It is true that a purely AWGN channel constitutes a theoretical model. However, the AWGN channel is widely used for modelling real, physical communication channels (see for example D1) and it is apparent that the skilled person is able to determine parameters defining an AWGN channel suitable for use as a model for a real, physical communication channel. For example, the skilled person could derive the levels A and A from the maxima of the probability density function of the received signal levels, or from the code symbol energies. Thus, the board considers that claim 1 is clear in the sense of Article 84 EPC.
5. Novelty and inventive step
5.1 Document D1 relates to quantization schemes for convolutional decoding and softdecision decoding of block codes. It assumes that convolutionalyencoded bits are sent over an AWGN channel. Figure 1 of D1 shows a probability density function of the signal at the demodulator output, which is a Gaussian random variable. D1 only considers uniform quantization schemes characterised by two parameters: the number q of bits used to represent the quantized intervals, and the step size Delta. Figure 1 of D1 illustrates the situation where q = 3 and there are seven quantization intervals or zones identified as 3, 2, 1, 0, +1, +2 and +3. The maximum of the probability density function shown in the Figure falls in interval +3. According to D1, to "improve the quantizer performance, zones +4 and 4 are appended as shown in Fig. 1". The intervals +4 and 4 thus cover levels above and below the levels at which the maxima of the probability density function occur. Even assuming that the intervals +4 and 4 are bounded and have step size Delta, the quantization range of Figure 1 is smaller than twice the range between the signal levels at probability density maxima. D1 teaches to select the quantization scheme to minimise the bit error rate (BER) and Figure 2 of D1 shows curves for different numbers of quantization levels, each curve giving the BER as a function of the quantizer step size plotted as a fraction of the variance sigma. However, it appears that this information is not sufficient to establish a relationship between the quantization range (i.e. the range that would be equally divided by the quantization intervals) and the range between the maxima of the probability density functions. D1 further states that it "appears from Fig. 2 that it is safer to make the quantizer step size larger than the value which minimizes BER". This appears to be related to the fact that the curves of Figure 2 of D1 show a steeper increase of the BER on the left of the minimum (i.e. for smaller step sizes than the value which minimises the BER) than on the right side of the minimum (i.e. for larger step sizes than the value which minimises the BER). Thus, this passage of D1 means that if one cannot select the exact step size that minimises the BER, it is preferable to choose a slightly greater step size rather than a slightly lower step size. Therefore, this passage does not disclose to select a step size substantially greater than the one that minimises the BER in Figure 2.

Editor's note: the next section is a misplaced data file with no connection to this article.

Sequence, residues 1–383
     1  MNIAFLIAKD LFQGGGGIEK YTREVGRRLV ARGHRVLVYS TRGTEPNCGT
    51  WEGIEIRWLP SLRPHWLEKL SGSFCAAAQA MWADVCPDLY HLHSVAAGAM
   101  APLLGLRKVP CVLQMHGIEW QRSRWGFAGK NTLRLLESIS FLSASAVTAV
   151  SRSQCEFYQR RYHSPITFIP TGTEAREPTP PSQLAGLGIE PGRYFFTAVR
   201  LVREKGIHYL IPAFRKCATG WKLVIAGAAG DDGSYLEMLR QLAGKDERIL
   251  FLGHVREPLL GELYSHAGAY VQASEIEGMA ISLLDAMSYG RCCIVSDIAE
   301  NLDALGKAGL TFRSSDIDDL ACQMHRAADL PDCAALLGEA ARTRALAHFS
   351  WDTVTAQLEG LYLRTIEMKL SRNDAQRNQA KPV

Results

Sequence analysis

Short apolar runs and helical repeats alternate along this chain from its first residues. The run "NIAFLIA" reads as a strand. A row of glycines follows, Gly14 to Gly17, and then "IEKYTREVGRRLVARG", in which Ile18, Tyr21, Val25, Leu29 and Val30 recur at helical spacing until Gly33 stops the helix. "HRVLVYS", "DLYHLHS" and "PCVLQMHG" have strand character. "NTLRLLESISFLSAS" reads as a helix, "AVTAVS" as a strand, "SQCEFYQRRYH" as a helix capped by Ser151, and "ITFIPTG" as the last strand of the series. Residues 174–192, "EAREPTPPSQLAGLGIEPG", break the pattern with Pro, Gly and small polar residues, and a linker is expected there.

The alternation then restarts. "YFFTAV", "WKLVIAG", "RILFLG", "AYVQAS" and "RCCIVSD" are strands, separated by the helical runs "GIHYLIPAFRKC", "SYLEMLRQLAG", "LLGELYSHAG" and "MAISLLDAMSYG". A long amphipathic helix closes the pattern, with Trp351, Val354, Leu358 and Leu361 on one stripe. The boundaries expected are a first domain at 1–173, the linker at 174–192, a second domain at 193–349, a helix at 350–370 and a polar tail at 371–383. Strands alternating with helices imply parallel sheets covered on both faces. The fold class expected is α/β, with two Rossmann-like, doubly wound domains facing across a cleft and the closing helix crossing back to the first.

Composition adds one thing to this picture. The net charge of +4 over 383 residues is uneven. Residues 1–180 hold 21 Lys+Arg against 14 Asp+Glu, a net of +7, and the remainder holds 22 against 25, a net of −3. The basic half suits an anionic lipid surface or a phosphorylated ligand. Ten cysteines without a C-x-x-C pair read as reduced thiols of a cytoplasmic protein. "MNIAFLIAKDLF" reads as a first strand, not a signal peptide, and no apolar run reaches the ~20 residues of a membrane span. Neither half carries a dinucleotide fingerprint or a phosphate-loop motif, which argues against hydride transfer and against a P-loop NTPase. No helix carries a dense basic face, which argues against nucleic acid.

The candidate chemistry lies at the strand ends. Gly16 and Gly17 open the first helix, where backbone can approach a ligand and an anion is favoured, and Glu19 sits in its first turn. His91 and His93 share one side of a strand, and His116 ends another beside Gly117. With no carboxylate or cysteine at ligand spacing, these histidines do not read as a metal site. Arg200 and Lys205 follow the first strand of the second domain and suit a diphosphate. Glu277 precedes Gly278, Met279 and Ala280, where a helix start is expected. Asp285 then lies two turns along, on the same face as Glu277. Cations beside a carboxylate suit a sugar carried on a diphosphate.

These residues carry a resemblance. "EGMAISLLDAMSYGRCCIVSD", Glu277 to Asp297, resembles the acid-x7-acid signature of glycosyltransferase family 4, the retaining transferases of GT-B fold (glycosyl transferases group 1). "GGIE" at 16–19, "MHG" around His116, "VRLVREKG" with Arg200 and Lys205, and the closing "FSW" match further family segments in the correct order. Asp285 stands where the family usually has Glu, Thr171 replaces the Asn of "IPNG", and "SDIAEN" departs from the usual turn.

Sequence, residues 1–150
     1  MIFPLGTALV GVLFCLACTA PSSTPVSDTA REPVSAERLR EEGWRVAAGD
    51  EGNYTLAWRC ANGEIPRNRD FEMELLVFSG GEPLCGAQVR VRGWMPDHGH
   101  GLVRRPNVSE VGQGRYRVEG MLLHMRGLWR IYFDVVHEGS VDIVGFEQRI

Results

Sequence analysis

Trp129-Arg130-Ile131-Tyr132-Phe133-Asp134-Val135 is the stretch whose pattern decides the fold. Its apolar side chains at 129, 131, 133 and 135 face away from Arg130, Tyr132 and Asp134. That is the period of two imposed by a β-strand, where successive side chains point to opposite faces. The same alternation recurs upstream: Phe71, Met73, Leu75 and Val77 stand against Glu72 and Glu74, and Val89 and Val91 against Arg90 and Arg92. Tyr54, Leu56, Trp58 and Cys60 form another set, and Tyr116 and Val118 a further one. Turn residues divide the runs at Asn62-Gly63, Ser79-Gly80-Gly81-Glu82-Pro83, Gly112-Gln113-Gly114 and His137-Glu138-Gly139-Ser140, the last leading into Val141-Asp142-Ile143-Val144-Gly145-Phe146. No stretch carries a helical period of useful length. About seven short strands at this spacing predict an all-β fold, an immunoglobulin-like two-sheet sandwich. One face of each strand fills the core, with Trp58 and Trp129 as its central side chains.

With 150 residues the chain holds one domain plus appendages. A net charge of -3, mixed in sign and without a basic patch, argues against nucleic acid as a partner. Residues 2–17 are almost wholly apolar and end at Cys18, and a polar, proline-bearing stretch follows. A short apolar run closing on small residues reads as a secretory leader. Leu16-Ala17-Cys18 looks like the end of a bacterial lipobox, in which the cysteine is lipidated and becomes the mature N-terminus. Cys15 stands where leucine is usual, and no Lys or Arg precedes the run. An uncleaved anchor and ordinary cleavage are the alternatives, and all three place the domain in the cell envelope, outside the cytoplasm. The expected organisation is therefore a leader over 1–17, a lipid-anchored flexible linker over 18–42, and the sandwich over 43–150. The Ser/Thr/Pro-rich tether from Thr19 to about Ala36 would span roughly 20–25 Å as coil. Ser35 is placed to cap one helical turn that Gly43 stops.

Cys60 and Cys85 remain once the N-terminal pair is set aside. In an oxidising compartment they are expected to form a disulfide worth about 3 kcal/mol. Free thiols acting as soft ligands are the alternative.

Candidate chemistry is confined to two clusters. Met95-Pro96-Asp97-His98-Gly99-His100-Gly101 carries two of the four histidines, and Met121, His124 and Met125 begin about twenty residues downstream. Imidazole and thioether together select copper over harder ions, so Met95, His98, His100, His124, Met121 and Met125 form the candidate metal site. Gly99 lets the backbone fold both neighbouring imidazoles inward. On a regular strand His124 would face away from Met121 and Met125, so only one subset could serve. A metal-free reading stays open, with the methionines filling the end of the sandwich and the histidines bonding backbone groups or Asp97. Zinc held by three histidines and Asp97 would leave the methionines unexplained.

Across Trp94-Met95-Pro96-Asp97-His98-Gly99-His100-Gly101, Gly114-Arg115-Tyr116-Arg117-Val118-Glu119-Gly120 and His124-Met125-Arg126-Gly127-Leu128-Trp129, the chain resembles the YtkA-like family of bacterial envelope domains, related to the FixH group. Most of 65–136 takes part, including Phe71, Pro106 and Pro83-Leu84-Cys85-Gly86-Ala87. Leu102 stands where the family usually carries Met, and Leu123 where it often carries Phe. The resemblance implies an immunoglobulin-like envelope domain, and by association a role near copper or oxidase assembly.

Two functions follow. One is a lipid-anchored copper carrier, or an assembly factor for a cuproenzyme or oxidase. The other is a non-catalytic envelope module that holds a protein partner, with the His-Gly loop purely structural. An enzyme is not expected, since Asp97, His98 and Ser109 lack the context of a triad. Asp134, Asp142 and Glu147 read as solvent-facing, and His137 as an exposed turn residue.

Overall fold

5.2 Thus, the subjectmatter of present claim 1 differs from the prior art disclosed in D1 in that the quantization method is for an iterative decoder. A further difference is that said intervals into which received signal levels are equally divided occupy a range 2 **(l) times greater than the range between the signal levels received at probability density maxima, l being a positive integer. This provides a quantization method that is particularly effective for an iterative decoder, in particular a turbo decoder (see page 3, lines 13 to 19, and page 11, the first sentence following table 3 of the application as filed).
5.3 The board has no reason to doubt that, in the case of an iterative decoder, making the range occupied by the equal quantization intervals 2 **(l) times greater than the range between the signal levels received at probability density maxima, l being a positive integer, should result in improved BER and FER (see in particular table 3 of the application as filed). Neither D1, nor the other documents cited in the search report suggest making the quantization range as large as specified in claim 1 of the application. The board therefore concludes that, having regard to the cited state of the art, the subjectmatter of claim 1 is not obvious to a skilled person.
5.4 The subjectmatter of claim 1 is therefore considered as being new and involving an inventive step in the sense of Article 54(1) and Article 56 EPC. The subjectmatter of claims 2 to 9, which are dependent on claim 1, is thereby also to be considered as being new and involving an inventive step.
ORDER
For these reasons it is decided that:
1. The decision under appeal is set aside.
2. The case is remitted to the first instance with the order to grant a patent in the following version:
Description
Pages 2, 5, 6 and 8 to 13 as originally filed,
Pages 3, 3b and 14 filed with the statement of grounds of appeal dated 23 June 2005,
Pages 1, 3a, 4 and 7 filed in the oral proceedings of 3 May 2007.
Claims
No. 1 to 9 as main request filed in the oral proceedings of 3 May 2007.
Drawings
Sheets 1/5 and 3/5 to 5/5 as originally filed,
Sheet 2/5 filed with the statement of grounds of appeal dated 23 June 2005.